What Li–ion batteries Pros and Cons
Lithium-ion batteries are the most popular battery type these days. You can find a couple of them in every home. They are being used in laptops, mobile phones, tablets, players and all other kinds of small utility technology. A Li-ion battery is a rechargeable battery type whose lithium ions move from the negative electrode to the positive electrode during discharge and back when charging. Li-ion batteries use an intercalated lithium compound as one electrode material, compared to the metallic lithium used in non-rechargeable batteries. They have no memory effect, high density and low self-discharge. All of the above make them the most commonly used and easily afford batteries.
The lithium ion cell is situated in the battery's metal outer case, which is basically a spiral compressing three thin metal sheets together which are: -А Separator -A negative electrode -A positive electrode Inside the case these sheets are submerged in an organic solvent, which acts as the electrolyte, called ether. The separator is a very thin layer of perforated plastic that separates the positive from the negative electrode in a way which allows ions to freely float in between.
Li–ion batteries are much lighter than other types of rechargeable batteries, mostly due to their inner particles. Lithium and carbon, that are inside are extremely light materials, lithium is also a highly reactive element and all this results in a very high energy density. A typical lithium ion battery can store 150 watt-hours of electricity in a 1 kilogram battery. Whereas, in comparison a lead – acid battery can store only 25 watt-hours per kilogram.
They hold their charge. A lithium-ion battery pack loses only about 5 percent of its charge per month, compared to a 20 percent loss per month for NiMH batteries.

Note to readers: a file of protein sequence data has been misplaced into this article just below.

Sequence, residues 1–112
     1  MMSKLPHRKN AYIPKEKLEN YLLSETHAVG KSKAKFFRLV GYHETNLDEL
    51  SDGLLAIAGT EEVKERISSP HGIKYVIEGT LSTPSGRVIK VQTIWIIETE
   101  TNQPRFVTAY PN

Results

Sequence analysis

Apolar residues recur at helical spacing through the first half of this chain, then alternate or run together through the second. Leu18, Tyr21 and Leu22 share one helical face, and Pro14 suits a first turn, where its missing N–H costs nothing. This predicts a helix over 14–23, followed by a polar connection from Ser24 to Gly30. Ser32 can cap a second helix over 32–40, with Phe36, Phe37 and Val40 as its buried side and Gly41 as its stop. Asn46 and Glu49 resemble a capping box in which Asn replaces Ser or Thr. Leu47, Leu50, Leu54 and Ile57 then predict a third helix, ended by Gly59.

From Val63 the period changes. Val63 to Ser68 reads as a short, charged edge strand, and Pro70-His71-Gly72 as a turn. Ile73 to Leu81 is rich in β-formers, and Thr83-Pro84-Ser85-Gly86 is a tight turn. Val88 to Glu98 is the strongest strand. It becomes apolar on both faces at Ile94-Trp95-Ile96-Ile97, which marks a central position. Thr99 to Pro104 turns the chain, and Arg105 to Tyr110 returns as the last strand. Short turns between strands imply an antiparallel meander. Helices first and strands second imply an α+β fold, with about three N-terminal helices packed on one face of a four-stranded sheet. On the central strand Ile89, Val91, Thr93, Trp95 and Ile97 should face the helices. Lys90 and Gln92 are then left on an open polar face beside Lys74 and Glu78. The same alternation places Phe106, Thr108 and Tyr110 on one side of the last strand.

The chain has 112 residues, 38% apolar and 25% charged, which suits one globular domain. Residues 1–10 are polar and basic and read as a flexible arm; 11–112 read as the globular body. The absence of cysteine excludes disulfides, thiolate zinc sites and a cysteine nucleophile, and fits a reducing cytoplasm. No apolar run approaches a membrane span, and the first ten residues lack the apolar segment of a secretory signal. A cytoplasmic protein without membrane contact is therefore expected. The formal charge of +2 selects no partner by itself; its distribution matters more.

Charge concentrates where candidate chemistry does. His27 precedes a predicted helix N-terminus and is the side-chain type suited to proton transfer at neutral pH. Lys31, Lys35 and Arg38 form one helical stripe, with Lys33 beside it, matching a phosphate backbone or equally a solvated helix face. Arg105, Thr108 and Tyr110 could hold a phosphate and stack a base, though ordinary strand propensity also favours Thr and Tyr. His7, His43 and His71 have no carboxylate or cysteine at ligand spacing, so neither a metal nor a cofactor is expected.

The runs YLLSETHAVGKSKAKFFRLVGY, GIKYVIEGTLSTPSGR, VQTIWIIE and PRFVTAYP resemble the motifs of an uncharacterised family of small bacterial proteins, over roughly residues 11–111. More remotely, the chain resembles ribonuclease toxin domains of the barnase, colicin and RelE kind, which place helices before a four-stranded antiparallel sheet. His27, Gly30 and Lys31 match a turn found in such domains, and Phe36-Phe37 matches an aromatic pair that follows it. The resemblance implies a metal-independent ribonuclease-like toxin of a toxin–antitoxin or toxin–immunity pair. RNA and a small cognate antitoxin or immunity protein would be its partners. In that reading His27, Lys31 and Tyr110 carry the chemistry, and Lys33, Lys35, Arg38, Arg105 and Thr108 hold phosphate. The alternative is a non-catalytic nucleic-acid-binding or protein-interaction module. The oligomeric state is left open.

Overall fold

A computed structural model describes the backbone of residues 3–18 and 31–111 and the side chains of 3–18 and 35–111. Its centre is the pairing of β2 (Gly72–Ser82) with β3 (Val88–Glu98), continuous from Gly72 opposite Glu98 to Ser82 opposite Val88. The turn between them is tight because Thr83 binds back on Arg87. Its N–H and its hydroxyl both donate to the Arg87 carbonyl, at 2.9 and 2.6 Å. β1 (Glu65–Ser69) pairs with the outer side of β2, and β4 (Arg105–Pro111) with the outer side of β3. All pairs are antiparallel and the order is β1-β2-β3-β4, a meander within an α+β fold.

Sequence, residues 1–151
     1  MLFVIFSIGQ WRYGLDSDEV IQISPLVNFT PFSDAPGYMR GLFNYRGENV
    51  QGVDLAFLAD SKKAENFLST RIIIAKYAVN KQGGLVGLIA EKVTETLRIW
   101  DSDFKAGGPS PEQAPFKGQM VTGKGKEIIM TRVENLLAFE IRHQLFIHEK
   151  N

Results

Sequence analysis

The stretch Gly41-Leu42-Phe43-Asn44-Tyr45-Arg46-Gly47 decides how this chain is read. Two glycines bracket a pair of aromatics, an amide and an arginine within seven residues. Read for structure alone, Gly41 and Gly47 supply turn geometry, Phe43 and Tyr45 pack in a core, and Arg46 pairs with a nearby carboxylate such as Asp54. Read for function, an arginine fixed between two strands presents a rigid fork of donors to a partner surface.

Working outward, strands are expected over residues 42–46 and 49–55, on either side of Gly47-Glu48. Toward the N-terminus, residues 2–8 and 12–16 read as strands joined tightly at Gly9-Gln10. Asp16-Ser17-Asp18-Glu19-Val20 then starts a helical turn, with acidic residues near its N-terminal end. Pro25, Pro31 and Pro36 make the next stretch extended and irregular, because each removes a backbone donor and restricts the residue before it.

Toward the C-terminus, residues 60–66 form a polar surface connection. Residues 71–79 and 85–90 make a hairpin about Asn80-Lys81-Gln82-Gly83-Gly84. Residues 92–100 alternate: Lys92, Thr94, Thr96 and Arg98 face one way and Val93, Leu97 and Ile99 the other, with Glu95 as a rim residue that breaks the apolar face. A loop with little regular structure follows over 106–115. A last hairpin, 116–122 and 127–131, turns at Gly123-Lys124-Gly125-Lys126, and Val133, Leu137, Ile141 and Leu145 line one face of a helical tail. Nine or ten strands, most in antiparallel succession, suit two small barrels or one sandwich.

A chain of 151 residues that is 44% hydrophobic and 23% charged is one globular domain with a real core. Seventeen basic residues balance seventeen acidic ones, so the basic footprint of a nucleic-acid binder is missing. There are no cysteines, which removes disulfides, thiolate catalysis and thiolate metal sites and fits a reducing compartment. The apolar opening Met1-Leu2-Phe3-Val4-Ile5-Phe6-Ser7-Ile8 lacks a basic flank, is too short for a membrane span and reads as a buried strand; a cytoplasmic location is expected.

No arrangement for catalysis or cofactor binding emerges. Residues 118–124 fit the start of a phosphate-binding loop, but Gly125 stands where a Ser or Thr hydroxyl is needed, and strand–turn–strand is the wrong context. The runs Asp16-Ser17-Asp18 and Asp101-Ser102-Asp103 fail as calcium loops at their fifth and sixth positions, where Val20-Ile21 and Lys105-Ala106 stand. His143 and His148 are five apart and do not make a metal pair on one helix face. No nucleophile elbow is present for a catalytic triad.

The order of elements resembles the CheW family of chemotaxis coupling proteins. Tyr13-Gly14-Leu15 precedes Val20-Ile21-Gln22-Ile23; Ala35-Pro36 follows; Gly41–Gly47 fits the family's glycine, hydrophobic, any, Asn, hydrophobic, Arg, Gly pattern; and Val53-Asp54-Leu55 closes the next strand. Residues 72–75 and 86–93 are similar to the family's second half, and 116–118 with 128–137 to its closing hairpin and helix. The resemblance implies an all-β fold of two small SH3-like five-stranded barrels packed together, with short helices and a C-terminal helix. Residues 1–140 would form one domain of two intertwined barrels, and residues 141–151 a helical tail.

They have no memory effect, which means that they don’t have to completely discharged in order to be recharged
Li-ion batteries can hold for hundreds of charge and discharge cycles.
Besides all the positives, these batteries have some flows that we have identified bellow:
They start degrading as soon as they leave the factory. They would only last a few years (around 2 or 3)
They are extremely susceptible to high temperatures. Heat causes irreversible damage to li-ion batteries and shortens their lives much faster than normal conditions
If a li-ion battery gets completely discharged, it will break down
A lithium-ion battery pack must have an on-board computer to manage the battery. This makes them even more expensive than they already are.
There is a small chance that, if a lithium-ion battery pack fails, it will burst into flame.
We can definitely say the advantages are much more than the disadvantages and because of this, the li-ion batteries are being introduced more as part of our daily lives. Also, with nowadays technology advancement they are getting smaller and more powerful. However, if we would like our battery to provide us with its best performance, for the longest period it can, we should be cautious about its storage, charging, and maintenance.
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